Next Saturday, at 6 pm, at Casa das Artes, you will be able to learn more about Norman McLaren, a director who has won some of the most important film awards, and one of the pioneering names in animation cinema known for his drawing technique in the film itself. In the section Next stop: Canada, a cycle of short animation films by the director, surprising and very entertaining.
Christmas Cracker / Biscoito de Natal, Jeff Hale , Norman McLaren , Grant Munro and Gerald Potterton, Canadá, anim., 1963, 9’
This short animation consists of three segments that take a playful look at Christmas: a rendition of “Jingle Bells” in which paper cut-out figures dance, a dime-store rodeo of tin toys, and a story of decorating the perfect Christmas tree. This holiday film received many awards and an Oscar nomination.
Hen Hop / Galinha Saltitante, Norman McLaren, Canadá, anim., 1942, 4’
This joyful short animation features a dancing hen that transforms into an egg. The film was made without a camera by Norman McLaren, who drew directly onto 35 mm movie stock with ordinary pen and ink. Colour was added optically.
Il était une chaise / Era uma vez uma cadeira, Claude Jutra and Norman McLaren, Canadá, anim., 1957, 10’
Animated short film in the dazzling way of Norman McLaren. The filmmaker illustrates the unusual phenomenon of the revolt of matter. But why should not the man and the object agree in friendship?
Short and Suite / Cores e Sons, Norman McLaren, Canadá, anim., 1959, 5’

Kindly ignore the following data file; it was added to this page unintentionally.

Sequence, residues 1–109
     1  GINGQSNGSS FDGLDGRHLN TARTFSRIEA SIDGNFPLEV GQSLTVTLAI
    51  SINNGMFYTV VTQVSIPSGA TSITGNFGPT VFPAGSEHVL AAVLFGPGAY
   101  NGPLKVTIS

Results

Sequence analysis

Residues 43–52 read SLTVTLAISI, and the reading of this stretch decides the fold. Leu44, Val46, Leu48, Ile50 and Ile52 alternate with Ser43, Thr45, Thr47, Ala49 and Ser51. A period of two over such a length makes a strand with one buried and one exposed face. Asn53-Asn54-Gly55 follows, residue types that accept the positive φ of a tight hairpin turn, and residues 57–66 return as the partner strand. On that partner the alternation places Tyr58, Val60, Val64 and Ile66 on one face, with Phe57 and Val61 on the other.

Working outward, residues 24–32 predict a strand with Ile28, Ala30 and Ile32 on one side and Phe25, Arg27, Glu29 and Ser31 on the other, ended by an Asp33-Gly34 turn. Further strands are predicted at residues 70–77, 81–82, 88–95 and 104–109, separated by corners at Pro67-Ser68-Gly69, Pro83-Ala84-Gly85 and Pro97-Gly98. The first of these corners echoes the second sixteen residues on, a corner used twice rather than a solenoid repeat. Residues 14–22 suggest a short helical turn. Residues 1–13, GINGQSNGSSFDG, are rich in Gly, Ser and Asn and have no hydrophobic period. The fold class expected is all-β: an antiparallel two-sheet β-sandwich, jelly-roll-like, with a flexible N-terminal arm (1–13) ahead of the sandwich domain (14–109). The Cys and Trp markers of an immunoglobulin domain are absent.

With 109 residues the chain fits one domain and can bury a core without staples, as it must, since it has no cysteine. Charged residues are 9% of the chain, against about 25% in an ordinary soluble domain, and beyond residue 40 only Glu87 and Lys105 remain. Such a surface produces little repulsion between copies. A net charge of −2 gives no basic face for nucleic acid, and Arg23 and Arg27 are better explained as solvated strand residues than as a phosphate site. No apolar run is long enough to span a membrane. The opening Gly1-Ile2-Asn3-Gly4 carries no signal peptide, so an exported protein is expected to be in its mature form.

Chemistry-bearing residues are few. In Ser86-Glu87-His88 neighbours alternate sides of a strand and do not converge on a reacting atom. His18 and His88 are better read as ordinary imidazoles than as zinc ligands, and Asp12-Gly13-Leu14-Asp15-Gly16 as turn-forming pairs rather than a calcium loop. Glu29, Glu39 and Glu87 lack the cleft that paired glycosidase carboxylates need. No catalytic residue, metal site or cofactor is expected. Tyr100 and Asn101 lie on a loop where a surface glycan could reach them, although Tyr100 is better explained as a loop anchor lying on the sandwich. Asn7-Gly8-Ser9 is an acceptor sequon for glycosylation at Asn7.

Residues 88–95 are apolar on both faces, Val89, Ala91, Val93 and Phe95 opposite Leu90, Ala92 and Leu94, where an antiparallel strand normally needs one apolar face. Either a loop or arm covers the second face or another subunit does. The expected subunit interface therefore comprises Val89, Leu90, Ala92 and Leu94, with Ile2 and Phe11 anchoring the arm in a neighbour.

This short animation is a delightful colour cocktail by Norman McLaren and Evelyn Lambart. The various moods in music written for a jazz ensemble by Eldon Rathburn are translated into moving patterns of colour and light. This lively short is composed of images hand-scratched and hand-painted directly onto the film strip.
Canon / Cânone, Norman McLaren and Grant Munro, Canadá, anim., 1964, 9’
This short animation explores the “canon”, a form of musical “round” in which each singer picks up the words and tune of a song after the preceding singer. Through a combination of animation and live action, this lively musical film demonstrates, without dialogue, the many patterns that a canon can take depending on the number of participants and the length of the piece of music in question.
Boogie-Doodle, Norman McLaren, Canadá, anim., 1948, 3’
In this short animation film, the “boogie” is played by Albert Ammons and the “doodle” is drawn by Norman McLaren. Made without the use of a camera, Boogie-Doodle is a rhythmic, brightly coloured film experiment.
Opening Speech: McLaren / Discurso de Abertura: McLaren, Norman McLaren, Canada, anim., 1961, 7’
In this short film, Norman McLaren is literally caught by his own film tricks. As he attempts to welcome an audience, he is frustrated by an animated microphone with a will of its own.